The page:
Budget 2022

(slightly belated but… ) Budget 2022 was one of the more highly anticipated as it may be the last budget of the current government prior to the national elections next year and also to determine the allocation of funds towards economic recovery.

Whilst some of the measures were expected i.e. “windfall taxes” and the extension of the voluntary to indirect taxes, some measures were a little unexpected such as the introduction of world-wide income tax. This post highlights some of the key areas to look out in Budget 2022.

  • Introduction of Prosperity Tax (Cukai Makmur)

Presumably inspired by the large amount of taxes generated by certain industries during the Covid-19 pandemic, the government seek to introduce a 33% income tax rate levied on taxable profits earned by companies above RM 100 million.

Currently, companies taxed under the Income Tax Act 1967 are taxed at a rate of 24%.

The new tax will see companies making extraordinary profits to be taxed at a higher rate.

Comments: Whilst the intention of the tax seems to be to equalize wealth within certain industries during certain times, the outcome maybe less desirable as it is unsure whether the taxes received from extraordinary profits will be diverted to industries more adversely affected (i.e. the tourism industry in this Covid season).

Furthermore, the imposition of the prosperity tax may see very profitable companies to not want to conduct business in Malaysia or set up an regional office in Malaysia due to the higher tax rate than the countries around it. In view that the expected revenue generated from this prosperity tax is RM8.5 billion, it is unlikely that Multinational Corporations or even Malaysian Corporations would sit still without taking corresponding efforts to, perhaps, divert resources to countries around the region.

  • Implementation of income tax on income derived from foreign sources but received in Malaysia

Under Section 3 of the Income Tax Act 1967, only income derived in Malaysia will be taxed in Malaysia, “income tax shall be charged for each year of assessment upon the income of any person accruing in or derived from Malaysia or received in Malaysia from outside Malaysia”.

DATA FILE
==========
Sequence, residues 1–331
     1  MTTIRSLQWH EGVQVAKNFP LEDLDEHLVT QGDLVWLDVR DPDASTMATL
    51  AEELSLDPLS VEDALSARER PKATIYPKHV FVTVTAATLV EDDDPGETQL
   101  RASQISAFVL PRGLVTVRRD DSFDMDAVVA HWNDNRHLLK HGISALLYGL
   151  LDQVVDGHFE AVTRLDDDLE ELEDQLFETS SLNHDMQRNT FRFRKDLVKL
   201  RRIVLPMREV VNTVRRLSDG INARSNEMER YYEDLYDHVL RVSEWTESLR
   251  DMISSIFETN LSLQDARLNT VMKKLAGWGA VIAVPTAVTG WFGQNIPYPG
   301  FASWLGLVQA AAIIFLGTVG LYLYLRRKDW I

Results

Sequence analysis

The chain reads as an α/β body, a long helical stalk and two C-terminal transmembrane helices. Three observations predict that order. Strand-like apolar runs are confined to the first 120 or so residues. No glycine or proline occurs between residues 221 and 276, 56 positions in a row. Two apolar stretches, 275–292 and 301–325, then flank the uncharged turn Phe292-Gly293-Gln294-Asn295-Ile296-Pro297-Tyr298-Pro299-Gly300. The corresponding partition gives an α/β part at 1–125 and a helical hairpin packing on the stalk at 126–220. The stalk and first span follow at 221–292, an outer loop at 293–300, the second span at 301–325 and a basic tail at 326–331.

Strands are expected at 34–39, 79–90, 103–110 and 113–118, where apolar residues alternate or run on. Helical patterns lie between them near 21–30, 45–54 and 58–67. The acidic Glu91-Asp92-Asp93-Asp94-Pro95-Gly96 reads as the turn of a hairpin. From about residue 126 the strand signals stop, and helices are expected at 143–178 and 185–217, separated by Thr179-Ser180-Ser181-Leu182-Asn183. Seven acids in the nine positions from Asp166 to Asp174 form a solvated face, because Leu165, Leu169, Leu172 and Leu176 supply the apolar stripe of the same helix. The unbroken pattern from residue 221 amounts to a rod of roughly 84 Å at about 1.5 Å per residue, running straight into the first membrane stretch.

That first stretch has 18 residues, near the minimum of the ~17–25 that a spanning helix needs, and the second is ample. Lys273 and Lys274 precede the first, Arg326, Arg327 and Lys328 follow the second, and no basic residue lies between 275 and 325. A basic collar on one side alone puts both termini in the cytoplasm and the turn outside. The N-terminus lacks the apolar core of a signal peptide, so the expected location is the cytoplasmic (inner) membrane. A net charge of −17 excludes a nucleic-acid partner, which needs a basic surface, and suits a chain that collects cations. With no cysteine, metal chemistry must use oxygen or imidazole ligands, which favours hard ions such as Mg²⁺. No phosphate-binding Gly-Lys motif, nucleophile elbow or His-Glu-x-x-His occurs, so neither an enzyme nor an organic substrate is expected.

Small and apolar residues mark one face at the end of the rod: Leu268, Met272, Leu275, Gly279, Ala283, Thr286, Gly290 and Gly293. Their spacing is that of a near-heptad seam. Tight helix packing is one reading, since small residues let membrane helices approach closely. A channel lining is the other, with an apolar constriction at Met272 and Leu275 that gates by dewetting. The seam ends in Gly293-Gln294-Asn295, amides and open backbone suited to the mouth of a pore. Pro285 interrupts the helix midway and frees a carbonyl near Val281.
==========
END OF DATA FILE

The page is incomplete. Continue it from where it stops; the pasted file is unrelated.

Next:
In other words, only income which accrued in and derived from Malaysia will be taxed in Malaysia. The few exceptions are the banking, insurance, air transport or shipping industries.

This new tax may see companies who derive income from other countries to be taxed in Malaysia, subject to the application of the Double Taxation Agreement.

Comments: Similarly, the implementation of bringing to tax foreign sources of income may cause possibly hostile relationships with foreign countries as it appears to bring to tax income earned by companies resident in Malaysia but generated the revenue from foreign countries.

Whilst companies may have the Double Taxation Agreement to shield them from possibly double taxation, the new tax will have its share of complications without adequate drafting and guidelines in place, such as the implementation of withholding tax previously which had a lifeline of less than 2 years.

  • Elimination of Real Property Gains Tax from 6th year onwards

At present, disposal of real property from the 5th year onwards is subjected to a real property gains tax of approximately 5%.

The elimination of the 5% real property gains tax may encourage property owners to dispose of their properties after 6 years from the date of acquisition. Taxpayers should be wary of the possible existence of badges of trade which may see the profit generated from disposal of real property to income tax instead.

  • Special Voluntary Disclosure Programme for Indirect Taxes 

The Special Voluntary Disclosure Programme was previously only limited to income tax matters. The programme was able to generate revenue amounting to approximately RM 8 billion. The extension of the programme to indirect taxes may encourage taxpayers to revisit their tax affairs to benefit from the lower tax rate.

However, the programme recently came under scrutiny as there were alleged tax audits conducted by the IRB on taxpayers on years of assessment which were covered during the programme.

Assurance would be required to be made in order to ensure that taxpayer’s legitimate expectation that their voluntary disclosure would not form as admission of liability or opening the gates to more tax audits.

  • Extension of tax reliefs for individuals

Budget 2022 had also extended various of the additional tax reliefs for individuals introduced in previous years and introduced some new ones. Amongst others:

  • Tax relief for individuals and tax deduction for employers on costs associated with taking self-purchased booster vaccines;
  • Tax relief for full medical check-up expenses;
  • Tax relief of up to RM2,500 for the purchase of mobile phones, computers and tablets is extended until 31 December 2022; and
  • Tax relief for up-skilling and self-enhancement course fees of up to RM 2,000.

Final thoughts

Without looking at the Finance Bill 2021, the Budget 2022 appears to take too drastic actions too fast. The implementation of a world-wide based income tax is especially precarious as Malaysia had always practiced territorial income tax since her inception. It is also particularly sensitive as it may affect bilateral relationships with other countries if the determination of taxation is not done properly.

Author: sophiachoy

Dispute resolution by day, planning what to eat by night. Talk to me about tax at choycaiying@gmail.com.

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